The doors to some of Okotoks’ oldest homes will open to artists, crafters and collectors alike in a unique Christmas shopping experience this weekend.
Property owners on Elma Street are inviting the public to walk down the historic street for an artisan market, live music, caroling and boutique shopping in An Elma Street Christmas Nov. 30 from 10 a.m. to 4 p.m.
Erin Morrill, who owns the century-old historic Mahon House across from the Rotary Performing Arts Centre, is opening her doors to 10 local vendors and Calgary’s Caravana Gypsy Jazz Band for the day.
Morrill, owner of Deava Beadz, and fellow Elma Street resident and artist Andrea Reinheimer, spearheaded An Elma Street Christmas on the heels of September’s Elma Street Arts Walk that took place during Alberta Culture Days.
“It was so much fun having everybody here at Elma Street Arts Walk,” said Morrill. “It really brought a sense of community.”
Arts Walk organizers had envisioned art displays and demonstrations on front lawns of Elma Street businesses and residences, but heavy snowfall forced everyone indoors, including Morrill’s home.
“It was wonderful,” she said of the unexpected change. “We thought, let’s do it again.”
The Morrills bought the Mahon House 30 years ago and renovated it back to its original state using the original floor plans.
“We raised our three sons in the house and as the family changed I opened up my business Deava Beadz 10 years ago,” she said.
Morrill closed the storefront last year, but continues to operate Deava Beadz out of her home, which will be one of the 10 vendors featured in the house on Saturday. Other vendors include 94 Take the Cake, Sweat Pea Canning Co., Lost Valley Textiles, Drift Simply Natural, Angel-Mae Pottery, Hats by Kat and artists Ann-Christine Gurholt, Andrea Reinheimer and Andrea Theil.
Reinheimer had also operated a business out of her Elma Street home – the clothing and accessory shop Twenty Two Collective - for almost three years before closing it last summer to spend time with family.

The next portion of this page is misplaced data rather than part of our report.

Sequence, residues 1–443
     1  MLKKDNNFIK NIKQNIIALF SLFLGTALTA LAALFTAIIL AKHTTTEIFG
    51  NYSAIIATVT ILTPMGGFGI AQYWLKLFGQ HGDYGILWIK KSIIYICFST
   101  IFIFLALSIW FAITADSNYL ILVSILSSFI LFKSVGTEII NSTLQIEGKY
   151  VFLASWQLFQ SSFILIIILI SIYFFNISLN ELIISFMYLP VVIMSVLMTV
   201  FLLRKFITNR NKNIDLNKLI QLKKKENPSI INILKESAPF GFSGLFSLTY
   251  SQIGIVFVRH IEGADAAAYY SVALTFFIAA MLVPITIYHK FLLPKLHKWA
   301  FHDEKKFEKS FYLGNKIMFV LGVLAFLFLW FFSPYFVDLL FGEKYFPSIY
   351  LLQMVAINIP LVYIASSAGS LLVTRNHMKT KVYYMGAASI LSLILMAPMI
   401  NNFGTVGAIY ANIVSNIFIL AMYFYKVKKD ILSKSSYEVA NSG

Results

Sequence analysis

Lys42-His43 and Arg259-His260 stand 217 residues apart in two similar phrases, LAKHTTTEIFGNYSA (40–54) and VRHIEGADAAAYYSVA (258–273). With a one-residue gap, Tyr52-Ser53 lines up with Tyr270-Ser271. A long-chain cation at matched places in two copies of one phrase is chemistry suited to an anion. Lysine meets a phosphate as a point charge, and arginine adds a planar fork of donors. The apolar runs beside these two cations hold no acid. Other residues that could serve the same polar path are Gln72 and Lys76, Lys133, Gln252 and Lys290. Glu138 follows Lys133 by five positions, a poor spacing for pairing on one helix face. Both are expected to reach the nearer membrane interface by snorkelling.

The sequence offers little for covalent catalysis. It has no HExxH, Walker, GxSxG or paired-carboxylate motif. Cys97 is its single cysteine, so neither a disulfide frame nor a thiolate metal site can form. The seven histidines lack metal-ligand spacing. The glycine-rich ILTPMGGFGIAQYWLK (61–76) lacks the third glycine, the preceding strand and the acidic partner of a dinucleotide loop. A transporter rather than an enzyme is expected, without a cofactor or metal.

“Erin and I both closed our businesses almost two years ago and we both really miss that camaraderie and community feel,” said Reinheimer. “We both love Elma Street so much.”
Reinheimer also participated in the Elma Street Arts Walk, where she sold her abstract art. She said having a similar event close to Christmas is a great way to continue that Elma Street camaraderie.
“I thought it was such a fun community-spirited event,” she said. “Elma Street is such a beautiful heritage street and it lends itself really nicely to an old-fashioned Christmas.”
To add to the ambiance, the Big Rock Singers will walk up and down the street singing Christmas carols.
Reinheimer said all Elma Street businesses and residents are invited to participate, with many offering hot chocolate and snacks, and some putting out fire pits.
Among the participants is Lineham House Galleries, which will feature four artisans, three of which will offer demonstrations throughout the day.
Reinheimer said as Okotoks grows, it’s important to appreciate and remember where the town started more than a century ago.
“I’m always surprised at how many people don’t even know about this street or that there are cool little businesses in these beautiful heritage buildings,” she said. “This town is really rich with stories and it’s really nice for people to come down, even if all they do is walk up and down the street, just to appreciate how beautiful the original part of this town is.”
With Elma Street businesses a block off of the beaten path, Reinheimer said they can often be overlooked.
“We all had to work that much harder as business people, but it created a really nice camaraderie between all of us because we all support each other and work with each other,” she said. “That made for a really nice working atmosphere.”
More details about An Elma Street Christmas can be found on Facebook.